Padmavati controversy: Real reason behind the clamour to ban Sanjay Leela Bhansali film is clash of inflated egos
The raging debate on Sanjay Leela Bhansali's Padmavati is not about the content of the movie. Those who protest against the film's release don't know anything about the script of the film or the way the movie was planned by its makers or even how the lead actors — Deepika Padukone, Shahid Kapoor and Ranveer Singh — were going to play their respective roles of Padmavati, Maharana Raval Ratan Singh and Alauddin Khilji when the team originally landed in Jaipur for the shoot. What subsequently happened is now history.
The real story behind the protests by the Rajput Karni Sena originated from something else — clash of inflated egos. In an exclusive Facebook Live with Firstpost, the man who is leading the rally against the release of Padmavati, patron of Karni Sena Lokendra Singh Kalvi said it all began with a rather trivial statement made by Singh during an interaction with the media when shooting for the movie was about to begin. According to Kalvi, Singh, responding to a question whether he was playing the role of a villain in the movie, said that he could go two notches beyond playing the role of a villain if he is given two intimate scenes with the lead female character in the film. Someone sent that clipping to Karni Sena in Rajasthan.
Coincidentally, Singh spoke to the media on Tuesday and said that he supported the film and its makers 200 percent but "since it is a sentimental" issue, he has been "specifically asked not to say anything."
— ANI (@ANI) November 21, 2017
Singh's old comment was not taken kindly by the Karni Sena patrons and they sent e-mails and letters to Bhansali and Singh for clarification but didn’t get a response from them. Later an appointment was fixed for representatives of Karni Sena with the actor and director in Mumbai. Kalvi claims Karni Sena representatives flew to Mumbai but the meeting never happened. Kalvi said, "I can imagine they are busy people. They could find time to meet our men only when they had to leave for Jaipur. Before leaving Mumbai, they (Karni Sena) told the makers that Bhansali was free to do what he wants to do with the movie but he must not land in Rajasthan.”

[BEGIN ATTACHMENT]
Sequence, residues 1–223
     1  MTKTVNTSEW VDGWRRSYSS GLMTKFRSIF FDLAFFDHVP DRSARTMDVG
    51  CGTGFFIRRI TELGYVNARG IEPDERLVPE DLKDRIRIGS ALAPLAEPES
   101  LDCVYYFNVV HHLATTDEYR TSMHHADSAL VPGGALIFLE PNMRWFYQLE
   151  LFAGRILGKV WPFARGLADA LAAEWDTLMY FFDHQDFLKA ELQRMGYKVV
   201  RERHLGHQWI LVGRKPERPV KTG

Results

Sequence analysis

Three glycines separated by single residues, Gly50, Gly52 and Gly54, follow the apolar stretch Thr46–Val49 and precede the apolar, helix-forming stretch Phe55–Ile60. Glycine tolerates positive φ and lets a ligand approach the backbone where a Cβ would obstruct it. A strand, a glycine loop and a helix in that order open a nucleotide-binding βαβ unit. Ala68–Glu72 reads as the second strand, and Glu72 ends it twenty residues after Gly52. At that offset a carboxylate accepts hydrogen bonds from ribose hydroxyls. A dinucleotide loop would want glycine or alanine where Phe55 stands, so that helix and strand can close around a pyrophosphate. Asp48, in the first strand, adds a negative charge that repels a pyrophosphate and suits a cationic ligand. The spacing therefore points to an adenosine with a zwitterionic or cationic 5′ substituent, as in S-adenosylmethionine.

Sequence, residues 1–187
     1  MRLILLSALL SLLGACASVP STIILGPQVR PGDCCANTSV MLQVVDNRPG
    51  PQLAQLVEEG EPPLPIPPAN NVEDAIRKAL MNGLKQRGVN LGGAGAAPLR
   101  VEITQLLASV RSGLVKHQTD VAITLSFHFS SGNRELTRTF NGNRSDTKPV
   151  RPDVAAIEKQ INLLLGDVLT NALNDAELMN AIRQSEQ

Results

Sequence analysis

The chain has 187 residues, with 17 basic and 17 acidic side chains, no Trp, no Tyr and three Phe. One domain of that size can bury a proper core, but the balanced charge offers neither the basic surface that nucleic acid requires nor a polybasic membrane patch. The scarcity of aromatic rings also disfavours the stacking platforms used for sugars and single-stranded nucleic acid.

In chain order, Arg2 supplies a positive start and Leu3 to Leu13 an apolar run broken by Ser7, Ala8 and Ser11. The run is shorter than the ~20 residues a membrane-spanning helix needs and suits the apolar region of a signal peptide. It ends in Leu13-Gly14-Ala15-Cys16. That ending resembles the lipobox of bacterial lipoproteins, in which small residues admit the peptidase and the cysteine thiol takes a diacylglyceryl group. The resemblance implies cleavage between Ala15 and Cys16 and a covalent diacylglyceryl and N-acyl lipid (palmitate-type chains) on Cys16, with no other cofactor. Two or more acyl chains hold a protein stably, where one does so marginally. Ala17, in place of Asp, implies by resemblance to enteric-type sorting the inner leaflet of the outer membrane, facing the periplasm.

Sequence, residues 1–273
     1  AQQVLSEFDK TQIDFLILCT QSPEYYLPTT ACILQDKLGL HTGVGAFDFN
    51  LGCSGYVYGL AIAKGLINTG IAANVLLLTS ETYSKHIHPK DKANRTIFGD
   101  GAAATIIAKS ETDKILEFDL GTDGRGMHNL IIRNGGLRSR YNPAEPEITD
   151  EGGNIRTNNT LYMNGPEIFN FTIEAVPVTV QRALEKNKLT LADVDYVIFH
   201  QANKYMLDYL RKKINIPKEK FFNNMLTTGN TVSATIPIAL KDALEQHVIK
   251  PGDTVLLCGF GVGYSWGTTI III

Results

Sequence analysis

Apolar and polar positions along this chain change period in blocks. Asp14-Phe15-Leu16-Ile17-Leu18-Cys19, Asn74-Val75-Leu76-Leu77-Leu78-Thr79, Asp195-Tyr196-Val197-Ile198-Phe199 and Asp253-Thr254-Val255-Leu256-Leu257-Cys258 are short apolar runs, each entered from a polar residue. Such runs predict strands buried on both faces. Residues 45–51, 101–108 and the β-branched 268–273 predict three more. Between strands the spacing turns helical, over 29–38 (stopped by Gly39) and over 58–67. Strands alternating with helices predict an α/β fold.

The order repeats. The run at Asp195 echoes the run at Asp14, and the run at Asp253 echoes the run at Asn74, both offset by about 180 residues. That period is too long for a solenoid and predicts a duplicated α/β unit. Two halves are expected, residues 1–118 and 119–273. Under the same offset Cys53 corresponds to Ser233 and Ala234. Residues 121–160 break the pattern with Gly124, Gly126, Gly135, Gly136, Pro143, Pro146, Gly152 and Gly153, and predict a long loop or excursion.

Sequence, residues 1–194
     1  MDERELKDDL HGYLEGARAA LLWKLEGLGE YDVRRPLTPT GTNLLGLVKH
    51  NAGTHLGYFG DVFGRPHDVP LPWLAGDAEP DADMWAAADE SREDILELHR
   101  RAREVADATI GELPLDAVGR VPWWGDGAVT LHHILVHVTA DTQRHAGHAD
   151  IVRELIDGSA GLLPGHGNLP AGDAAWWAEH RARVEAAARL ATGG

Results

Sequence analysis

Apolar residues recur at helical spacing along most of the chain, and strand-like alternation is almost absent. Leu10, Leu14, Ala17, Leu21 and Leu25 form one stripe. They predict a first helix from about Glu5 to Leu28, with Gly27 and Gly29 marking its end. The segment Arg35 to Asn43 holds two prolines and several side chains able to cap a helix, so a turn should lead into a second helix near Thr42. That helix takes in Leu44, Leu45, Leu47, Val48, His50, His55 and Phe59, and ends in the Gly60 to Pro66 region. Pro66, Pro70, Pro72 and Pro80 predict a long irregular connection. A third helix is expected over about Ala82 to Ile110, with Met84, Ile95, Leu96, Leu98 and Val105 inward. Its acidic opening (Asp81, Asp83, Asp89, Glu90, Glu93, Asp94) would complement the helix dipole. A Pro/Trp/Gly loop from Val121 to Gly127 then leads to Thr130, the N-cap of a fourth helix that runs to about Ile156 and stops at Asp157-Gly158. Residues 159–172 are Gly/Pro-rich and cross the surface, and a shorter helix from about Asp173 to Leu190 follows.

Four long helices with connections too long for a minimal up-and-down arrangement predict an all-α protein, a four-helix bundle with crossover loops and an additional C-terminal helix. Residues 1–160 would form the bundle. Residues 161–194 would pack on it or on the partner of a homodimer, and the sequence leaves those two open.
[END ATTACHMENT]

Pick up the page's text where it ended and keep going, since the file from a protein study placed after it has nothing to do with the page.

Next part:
"It was a small matter. They could have settled it then and there or could have issued a statement saying that Singh made this childish statement owing to his personal equations with Deepika and the matter would have ended there. But they didn’t. They thought we are small people and no clarifications were needed," Kalvi said. The matter started from there. "Our protests started on that point and has reached to this point. Now, it is beyond the filmmakers to explain."
Kalvi claims that he belongs to Chittor’s ruling Rajput family. He counters some historians theory that Rani Padmavati never existed by saying, "I exist, I am six feet four inches tall, and so Rani Padmavati existed as well."
He does not hide the fact that he had a political past. Kalvi's father Kalyan Singh Kalvi was a Union minister in the Chandra Shekhar government at the Centre. Kalvi has been heading rallies in various parts of the country, including those in Gujarat, Madhya Pradesh and Rajasthan — his home state — to arouse popular passions against Padmavati. Kalvi also claimed that protests by Karni Sena has given free publicity to Bhansali and Padmavati.
Kalvi also took great pride in the fact that state governments are now joining the 'ban Padmavati' brigade. The fact that governments and politicians are supporting him or are against "distortion of history" and are asking the Centre to withhold the film's release is a victory for him. When asked why persons in authority were fearful of his protests, he laughed and said, "It's magic."
Interestingly, Kalvi does not watch movies. The last movie he watched was when he was in Class VIII, about half a century ago.